Denver QB Jay Cutler’s career management lesson—don’t whine

I am huge NFL Football fan.  Specifically, I’m a fan of the 6-time Super Bowl Champion Pittsburgh Steelers.  I’m enough of a fan to watch with some interest the trades and acquisitions that different teams make during the off-season. 

Recently, several sports news outlets reported that Denver Broncos QB, Jay Cutler was mentioned in trade talks.  He’s a young, high performance QB, though he’s not won a single playoff game.  Denver just hired a new coach, new scheme—totally reasonable for management / ownership to decide if this person was the right fit.  Nothing interesting here at all.

What is damaging, and a useful lesson for career management, is the path Cutler chose to follow when this rumor leaked.  He came across as publicly upset based on rumors:

“I’m upset. I mean I’m really shocked at this point,” he said. “I could see why they want Cassel. I don’t know if they think I can’t run the system or I don’t have the skills for it. I just don’t get it. Or if they don’t think they can sign me with my next contract. I just don’t know what it is. I’ve heard I’m still on the trading block.”

 

Wrong thing for your teammates, your coach, your boss, your peers—in sports or in business—to read this stuff in the paper or hear you griping around a water-cooler.  This will damage him, and he’ll now need to spend effort doing undoing this. 

I think this is a quick and useful cautionary tale.  Look, everyone who works at building a high performance career (let alone content with mediocre ones) are going to have breaks that go against you.  Someone else will get the promotion.  Someone else will get the raise or the recognition or whatever.  These things happen.  And yes, they can hurt.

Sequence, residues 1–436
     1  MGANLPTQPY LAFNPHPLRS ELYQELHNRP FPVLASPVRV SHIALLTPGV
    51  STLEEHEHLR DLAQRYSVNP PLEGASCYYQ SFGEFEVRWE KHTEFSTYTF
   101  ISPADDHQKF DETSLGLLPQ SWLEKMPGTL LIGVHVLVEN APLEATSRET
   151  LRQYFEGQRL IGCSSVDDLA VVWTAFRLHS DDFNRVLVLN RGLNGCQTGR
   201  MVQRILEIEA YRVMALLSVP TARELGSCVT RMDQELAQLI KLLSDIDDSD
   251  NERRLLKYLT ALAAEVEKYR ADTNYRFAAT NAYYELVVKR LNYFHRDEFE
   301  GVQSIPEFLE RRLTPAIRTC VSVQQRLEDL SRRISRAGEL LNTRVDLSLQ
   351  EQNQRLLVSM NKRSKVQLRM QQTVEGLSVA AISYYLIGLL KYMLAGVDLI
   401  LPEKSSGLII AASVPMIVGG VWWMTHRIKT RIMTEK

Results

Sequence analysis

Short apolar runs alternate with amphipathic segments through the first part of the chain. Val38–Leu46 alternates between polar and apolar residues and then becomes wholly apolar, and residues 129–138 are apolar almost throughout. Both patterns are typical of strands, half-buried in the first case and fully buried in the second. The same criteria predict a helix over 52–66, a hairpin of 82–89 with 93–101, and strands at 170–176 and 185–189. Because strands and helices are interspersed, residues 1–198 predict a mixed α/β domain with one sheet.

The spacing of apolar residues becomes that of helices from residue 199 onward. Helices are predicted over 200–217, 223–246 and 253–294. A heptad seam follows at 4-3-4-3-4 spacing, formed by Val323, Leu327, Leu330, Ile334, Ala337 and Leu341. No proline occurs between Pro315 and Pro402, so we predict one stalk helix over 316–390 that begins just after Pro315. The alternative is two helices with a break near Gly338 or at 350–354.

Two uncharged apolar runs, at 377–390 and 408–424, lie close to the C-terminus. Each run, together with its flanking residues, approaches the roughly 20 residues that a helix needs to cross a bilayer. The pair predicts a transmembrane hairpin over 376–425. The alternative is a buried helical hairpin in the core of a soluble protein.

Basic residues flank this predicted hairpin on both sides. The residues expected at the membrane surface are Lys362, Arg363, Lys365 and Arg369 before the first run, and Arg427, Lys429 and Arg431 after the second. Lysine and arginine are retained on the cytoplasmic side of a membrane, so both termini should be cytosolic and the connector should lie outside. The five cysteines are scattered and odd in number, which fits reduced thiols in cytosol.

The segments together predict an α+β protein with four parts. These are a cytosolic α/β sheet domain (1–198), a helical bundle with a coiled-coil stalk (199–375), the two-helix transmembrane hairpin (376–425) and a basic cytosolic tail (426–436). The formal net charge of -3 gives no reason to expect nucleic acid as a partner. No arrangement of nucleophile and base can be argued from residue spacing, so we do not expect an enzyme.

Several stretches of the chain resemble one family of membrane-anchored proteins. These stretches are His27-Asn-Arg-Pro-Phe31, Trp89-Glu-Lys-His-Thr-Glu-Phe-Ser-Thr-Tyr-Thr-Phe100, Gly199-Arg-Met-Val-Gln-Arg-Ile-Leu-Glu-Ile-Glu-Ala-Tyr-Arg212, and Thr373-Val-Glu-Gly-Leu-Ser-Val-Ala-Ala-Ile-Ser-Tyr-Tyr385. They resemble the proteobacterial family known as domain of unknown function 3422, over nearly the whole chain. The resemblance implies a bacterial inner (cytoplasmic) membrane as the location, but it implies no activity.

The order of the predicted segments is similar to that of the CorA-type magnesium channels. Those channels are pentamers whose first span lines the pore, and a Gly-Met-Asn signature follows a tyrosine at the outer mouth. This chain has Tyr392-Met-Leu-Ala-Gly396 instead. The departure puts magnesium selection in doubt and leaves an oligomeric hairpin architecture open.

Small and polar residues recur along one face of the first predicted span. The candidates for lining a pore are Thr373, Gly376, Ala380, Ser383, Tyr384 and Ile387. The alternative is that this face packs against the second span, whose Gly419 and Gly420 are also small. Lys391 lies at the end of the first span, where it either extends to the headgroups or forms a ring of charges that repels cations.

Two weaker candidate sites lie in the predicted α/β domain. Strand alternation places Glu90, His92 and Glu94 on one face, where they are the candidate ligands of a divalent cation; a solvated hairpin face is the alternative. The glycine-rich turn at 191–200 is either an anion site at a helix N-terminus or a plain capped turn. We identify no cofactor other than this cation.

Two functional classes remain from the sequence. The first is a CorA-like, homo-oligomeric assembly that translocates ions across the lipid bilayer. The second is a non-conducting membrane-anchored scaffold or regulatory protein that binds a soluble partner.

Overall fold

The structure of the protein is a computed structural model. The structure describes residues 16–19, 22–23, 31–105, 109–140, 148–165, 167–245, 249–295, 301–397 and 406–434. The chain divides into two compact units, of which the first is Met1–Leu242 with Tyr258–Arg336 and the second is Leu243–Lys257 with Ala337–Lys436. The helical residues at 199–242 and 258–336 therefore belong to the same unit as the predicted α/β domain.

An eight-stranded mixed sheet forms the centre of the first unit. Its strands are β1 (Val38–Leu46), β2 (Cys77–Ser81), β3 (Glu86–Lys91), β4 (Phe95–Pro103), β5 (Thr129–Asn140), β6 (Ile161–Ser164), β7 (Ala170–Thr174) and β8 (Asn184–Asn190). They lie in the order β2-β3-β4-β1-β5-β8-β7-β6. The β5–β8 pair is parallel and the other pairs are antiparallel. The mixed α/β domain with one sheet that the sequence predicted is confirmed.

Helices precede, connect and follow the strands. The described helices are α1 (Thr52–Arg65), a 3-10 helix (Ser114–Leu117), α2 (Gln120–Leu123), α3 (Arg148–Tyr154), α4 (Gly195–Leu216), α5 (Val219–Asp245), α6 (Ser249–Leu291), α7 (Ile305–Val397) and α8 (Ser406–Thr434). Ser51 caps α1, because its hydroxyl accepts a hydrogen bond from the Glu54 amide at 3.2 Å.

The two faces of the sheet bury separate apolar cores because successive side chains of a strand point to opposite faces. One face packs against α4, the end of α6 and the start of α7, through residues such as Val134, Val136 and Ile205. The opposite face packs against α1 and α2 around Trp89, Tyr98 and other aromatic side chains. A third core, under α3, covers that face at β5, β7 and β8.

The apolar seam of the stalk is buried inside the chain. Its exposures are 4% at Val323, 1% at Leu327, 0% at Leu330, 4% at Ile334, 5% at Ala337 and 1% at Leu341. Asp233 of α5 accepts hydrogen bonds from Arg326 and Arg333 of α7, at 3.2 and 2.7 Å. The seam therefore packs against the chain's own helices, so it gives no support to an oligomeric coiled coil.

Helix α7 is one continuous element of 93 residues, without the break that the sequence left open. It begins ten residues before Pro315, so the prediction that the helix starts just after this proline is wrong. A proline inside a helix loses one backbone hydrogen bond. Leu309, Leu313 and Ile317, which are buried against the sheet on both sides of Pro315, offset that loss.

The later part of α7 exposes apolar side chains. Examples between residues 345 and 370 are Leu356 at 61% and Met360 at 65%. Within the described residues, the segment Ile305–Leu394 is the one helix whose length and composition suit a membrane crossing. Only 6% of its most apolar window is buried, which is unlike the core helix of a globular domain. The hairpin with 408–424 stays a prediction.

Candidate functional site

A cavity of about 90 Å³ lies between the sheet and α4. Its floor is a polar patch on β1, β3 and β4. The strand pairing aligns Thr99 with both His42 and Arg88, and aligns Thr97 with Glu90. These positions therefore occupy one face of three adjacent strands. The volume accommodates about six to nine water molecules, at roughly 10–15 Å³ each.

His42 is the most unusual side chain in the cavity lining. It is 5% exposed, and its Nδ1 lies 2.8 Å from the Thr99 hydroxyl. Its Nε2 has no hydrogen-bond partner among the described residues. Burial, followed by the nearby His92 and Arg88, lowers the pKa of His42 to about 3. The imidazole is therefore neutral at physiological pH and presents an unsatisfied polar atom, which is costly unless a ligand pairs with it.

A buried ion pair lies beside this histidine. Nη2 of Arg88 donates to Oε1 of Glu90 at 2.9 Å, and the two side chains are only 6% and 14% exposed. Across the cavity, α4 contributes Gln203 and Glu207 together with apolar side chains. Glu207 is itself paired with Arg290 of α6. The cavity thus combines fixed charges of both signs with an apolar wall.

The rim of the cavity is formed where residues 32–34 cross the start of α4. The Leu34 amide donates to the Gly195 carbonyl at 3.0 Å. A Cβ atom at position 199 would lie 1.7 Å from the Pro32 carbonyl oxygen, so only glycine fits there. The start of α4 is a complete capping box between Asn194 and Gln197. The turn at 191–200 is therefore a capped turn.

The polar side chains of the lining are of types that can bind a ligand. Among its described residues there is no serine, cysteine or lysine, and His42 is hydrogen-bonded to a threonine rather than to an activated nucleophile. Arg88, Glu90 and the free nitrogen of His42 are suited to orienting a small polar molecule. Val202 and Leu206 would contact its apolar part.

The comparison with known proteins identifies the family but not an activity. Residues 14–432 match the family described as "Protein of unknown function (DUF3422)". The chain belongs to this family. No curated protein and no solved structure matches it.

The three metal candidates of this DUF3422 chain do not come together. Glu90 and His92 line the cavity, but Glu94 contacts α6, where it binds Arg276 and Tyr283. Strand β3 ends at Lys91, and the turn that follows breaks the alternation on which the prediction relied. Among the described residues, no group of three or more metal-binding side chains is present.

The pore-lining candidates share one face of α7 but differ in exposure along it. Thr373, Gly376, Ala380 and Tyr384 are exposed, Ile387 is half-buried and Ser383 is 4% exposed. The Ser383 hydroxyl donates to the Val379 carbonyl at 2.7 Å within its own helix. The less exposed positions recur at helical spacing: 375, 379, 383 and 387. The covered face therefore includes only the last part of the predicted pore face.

But if you think about your career for just a slightly long-term way, it should be clear that complaining about any of this stuff is going to help you in the long-term.  The correct response is to say something like “you know what, its a blow, I’d clearly like to think of myself as an elite performer.  But I’m not going to focus on the negative, I’m focused on finding ways to continue to drive and improve my performance.  You won’t hear any whining from me.  Period.”  

I wish I could say I always knew this, but I had to learn it.  It’s been a valuable lesson. 

My advice: whenever you face something that goes against you, find the equivalent of this Jay Cutler’s quote and reflect on what the right thing to say is. 

Advertisements

Leave a comment

Filed under business, career management

Leave a Reply

Fill in your details below or click an icon to log in:

WordPress.com Logo

You are commenting using your WordPress.com account. Log Out / Change )

Twitter picture

You are commenting using your Twitter account. Log Out / Change )

Facebook photo

You are commenting using your Facebook account. Log Out / Change )

Google+ photo

You are commenting using your Google+ account. Log Out / Change )

Connecting to %s